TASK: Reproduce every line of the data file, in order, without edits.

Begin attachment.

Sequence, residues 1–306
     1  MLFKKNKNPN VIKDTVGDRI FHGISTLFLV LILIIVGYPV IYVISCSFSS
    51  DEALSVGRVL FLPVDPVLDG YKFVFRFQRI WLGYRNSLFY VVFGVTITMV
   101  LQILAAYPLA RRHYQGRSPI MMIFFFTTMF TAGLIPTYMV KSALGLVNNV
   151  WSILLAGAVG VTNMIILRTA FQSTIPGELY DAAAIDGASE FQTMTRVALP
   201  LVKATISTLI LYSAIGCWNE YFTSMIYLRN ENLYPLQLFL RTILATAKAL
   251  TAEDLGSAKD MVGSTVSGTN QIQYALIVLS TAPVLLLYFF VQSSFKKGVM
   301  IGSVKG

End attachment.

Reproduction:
Sequence, residues 1–306
     1  MLFKKNKNPN VIKDTVGDRI FHGISTLFLV LILIIVGYPV IYVISCSFSS
    51  DEALSVGRVL FLPVDPVLDG YKFVFRFQRI WLGYRNSLFY VVFGVTITMV
   101  LQILAAYPLA RRHYQGRSPI MMIFFFTTMF TAGLIPTYMV KSALGLVNNV
   151  WSILLAGAVG VTNMIILRTA FQSTIPGELY DAAAIDGASE FQTMTRVALP
   201  LVKATISTLI LYSAIGCWNE YFTSMIYLRN ENLYPLQLFL RTILATAKAL
   251  TAEDLGSAKD MVGSTVSGTN QIQYALIVLS TAPVLLLYFF VQSSFKKGVM
   301  IGSVKG